Majestic Kilkenny obliterate Offaly
Kilkenny's inspirational full forward DJ Carey.
Kilkenny 5-15 Offaly 1-14
By Paul O'Hehir
10/09/00: Incredible. Kilkenny’s brilliant victory in today’s All-Ireland hurling final was as emphatic as most had feared. Offaly’s demise was a harrowing sight. Kilkenny’s potential utterly frightening.
Prior to today’s game, those with an educated opinion believed the tussle between Kilkenny’s full forward line and the Offaly full back line would be the crucial focal point of the game.
And so it proved to be. The sheer alertness and attacking prowess of DJ Carey, Henry Shefflin and Charlie Carter was a joy to behold. Sharp, intelligent and penetrative, they were nothing short of magical.
Carey, himself attempting to overcome a jinx of sorts having not scored in last year’s All-Ireland final, quickly rectified the matter after only six minutes.
Kilkenny’s outstanding right half back, Philip Larkin, struck a free from inside his own half. The ball dropped menacingly in front of Carey. He collected and with an athletic burst of speed, accelerated towards Stephen Byrne’s goal.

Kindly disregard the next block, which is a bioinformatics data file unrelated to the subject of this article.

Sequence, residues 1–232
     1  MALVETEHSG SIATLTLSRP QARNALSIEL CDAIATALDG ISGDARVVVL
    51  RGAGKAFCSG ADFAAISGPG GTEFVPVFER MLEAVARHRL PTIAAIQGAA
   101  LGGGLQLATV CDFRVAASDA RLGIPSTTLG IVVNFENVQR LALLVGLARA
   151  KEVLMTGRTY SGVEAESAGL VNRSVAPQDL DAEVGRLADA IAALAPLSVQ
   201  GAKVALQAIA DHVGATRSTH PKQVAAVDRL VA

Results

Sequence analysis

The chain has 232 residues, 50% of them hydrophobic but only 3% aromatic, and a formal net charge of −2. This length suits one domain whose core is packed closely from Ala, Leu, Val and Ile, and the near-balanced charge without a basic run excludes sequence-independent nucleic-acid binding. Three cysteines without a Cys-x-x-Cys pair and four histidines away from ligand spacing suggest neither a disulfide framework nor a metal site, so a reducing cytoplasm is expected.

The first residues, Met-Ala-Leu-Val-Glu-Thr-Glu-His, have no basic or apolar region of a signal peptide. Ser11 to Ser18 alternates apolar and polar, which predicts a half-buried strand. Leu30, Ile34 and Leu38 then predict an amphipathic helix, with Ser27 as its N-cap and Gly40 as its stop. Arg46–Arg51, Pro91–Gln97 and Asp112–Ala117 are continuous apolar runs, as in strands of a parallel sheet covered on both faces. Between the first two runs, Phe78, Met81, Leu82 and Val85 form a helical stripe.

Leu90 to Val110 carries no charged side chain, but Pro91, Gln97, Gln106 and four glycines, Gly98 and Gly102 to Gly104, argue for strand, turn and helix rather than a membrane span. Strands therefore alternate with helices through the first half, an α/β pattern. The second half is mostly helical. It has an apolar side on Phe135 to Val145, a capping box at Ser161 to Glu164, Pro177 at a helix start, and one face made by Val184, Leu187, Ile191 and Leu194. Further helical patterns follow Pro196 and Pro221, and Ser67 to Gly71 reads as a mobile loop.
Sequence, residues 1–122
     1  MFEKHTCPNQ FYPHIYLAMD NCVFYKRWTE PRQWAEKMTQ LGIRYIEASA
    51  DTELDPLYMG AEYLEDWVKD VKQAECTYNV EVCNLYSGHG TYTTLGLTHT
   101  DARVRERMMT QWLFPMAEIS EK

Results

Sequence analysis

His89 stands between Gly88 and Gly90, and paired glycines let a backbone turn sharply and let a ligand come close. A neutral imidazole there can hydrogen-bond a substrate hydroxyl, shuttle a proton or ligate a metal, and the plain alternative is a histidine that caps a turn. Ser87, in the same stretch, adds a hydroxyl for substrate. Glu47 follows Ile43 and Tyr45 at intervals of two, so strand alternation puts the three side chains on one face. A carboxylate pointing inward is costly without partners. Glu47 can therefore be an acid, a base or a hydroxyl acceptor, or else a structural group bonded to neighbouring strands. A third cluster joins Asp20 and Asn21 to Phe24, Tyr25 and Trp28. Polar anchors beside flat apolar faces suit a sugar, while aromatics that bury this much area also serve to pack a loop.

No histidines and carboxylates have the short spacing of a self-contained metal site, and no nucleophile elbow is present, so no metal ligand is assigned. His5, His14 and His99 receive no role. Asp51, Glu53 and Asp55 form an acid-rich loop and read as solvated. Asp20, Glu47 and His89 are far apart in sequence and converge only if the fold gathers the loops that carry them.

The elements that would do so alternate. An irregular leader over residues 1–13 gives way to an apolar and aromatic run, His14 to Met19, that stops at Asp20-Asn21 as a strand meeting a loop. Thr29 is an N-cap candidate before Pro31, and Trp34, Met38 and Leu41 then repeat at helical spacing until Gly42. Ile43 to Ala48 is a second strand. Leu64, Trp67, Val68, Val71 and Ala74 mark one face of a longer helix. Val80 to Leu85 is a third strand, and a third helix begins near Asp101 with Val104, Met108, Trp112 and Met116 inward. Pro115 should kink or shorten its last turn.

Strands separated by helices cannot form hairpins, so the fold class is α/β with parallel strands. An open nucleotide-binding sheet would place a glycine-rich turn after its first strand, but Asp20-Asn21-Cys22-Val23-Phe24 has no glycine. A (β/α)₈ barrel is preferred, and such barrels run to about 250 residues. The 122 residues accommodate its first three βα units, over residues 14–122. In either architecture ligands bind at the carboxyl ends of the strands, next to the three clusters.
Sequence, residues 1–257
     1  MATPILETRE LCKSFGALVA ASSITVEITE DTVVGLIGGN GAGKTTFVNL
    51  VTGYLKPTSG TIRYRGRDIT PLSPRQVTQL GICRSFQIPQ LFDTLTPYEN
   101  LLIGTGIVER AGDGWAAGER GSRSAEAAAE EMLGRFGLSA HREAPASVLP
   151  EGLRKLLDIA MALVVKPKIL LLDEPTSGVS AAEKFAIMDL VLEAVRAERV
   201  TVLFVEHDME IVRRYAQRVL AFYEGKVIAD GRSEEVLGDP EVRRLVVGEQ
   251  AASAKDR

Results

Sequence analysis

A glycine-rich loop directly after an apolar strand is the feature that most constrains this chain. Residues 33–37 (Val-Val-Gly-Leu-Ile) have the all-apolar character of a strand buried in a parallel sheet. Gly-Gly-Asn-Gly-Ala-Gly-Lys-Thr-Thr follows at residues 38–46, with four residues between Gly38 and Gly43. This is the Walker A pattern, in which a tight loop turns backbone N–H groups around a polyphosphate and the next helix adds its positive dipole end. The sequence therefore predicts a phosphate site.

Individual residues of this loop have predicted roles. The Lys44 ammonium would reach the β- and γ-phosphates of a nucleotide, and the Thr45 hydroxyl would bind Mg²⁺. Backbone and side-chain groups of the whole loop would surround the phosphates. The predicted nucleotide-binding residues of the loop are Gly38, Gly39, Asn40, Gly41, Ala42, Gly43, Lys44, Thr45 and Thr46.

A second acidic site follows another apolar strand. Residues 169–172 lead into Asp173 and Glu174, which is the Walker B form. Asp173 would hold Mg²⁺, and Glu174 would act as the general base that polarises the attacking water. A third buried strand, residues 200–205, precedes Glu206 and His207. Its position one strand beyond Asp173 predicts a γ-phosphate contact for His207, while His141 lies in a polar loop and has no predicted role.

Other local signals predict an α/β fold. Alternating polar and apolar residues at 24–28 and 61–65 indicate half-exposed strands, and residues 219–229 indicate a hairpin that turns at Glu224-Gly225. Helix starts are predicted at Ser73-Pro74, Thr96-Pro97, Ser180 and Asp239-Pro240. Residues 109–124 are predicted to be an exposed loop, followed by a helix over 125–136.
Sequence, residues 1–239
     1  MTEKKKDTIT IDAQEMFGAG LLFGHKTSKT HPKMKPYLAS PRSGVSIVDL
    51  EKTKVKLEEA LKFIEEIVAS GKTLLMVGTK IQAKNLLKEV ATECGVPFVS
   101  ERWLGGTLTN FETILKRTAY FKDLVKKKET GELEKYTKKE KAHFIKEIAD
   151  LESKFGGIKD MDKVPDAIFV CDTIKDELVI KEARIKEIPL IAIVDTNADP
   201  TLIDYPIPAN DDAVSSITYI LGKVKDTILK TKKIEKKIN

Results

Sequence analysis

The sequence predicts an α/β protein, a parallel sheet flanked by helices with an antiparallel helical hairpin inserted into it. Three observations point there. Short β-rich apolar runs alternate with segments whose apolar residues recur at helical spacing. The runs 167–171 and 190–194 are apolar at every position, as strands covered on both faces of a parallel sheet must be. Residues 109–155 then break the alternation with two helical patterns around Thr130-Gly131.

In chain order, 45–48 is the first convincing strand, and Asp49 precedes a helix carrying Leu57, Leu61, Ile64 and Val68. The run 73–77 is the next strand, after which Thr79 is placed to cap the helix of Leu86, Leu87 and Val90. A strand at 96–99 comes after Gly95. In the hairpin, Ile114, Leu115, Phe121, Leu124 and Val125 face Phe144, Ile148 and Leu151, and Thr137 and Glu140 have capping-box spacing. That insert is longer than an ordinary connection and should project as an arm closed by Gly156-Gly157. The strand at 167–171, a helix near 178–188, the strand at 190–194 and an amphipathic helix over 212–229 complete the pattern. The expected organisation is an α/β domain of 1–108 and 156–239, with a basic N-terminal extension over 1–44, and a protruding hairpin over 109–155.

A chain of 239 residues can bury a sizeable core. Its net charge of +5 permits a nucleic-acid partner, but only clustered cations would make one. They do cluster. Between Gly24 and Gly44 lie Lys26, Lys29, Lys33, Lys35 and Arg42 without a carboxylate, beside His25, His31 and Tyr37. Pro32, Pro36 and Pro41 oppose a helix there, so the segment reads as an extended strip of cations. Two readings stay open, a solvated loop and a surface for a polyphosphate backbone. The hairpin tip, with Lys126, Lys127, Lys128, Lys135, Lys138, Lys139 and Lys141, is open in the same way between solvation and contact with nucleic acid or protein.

Carey had Shefflin available to his right but shot hard and direct to register the first of Kilkenny’s five goals.
Three minutes later, Shefflin was set free in acres of space. He powererd towards goal, but shooting from his left side, he saw his effort blocked on the line by Niall Claffey. But Carey, like a magnet to the ball all afternoon, was on hand to drill it into the back of the Offaly net.
Combined with additional points from Carey, Shefflin and the enterprising Denis Byrne, Kilkenny enjoyed a 2-3 to 0-1 lead before Offaly manager, Pat Fleury, was forced to switch corner backs.
The game was no more than 10 minutes old when Niall Claffey was moved onto Shefflin in an effort to curtail his knack of losing Simon Whelehan.
With many, and possibly the Offaly side themselves, taken aback by Kilkenny’s dynamic start, it was then not surprising that Johnny Dooley’s quick accumulation of frees and 65’s went almost unnoticed, such was the fervor around Croke Park during the first half.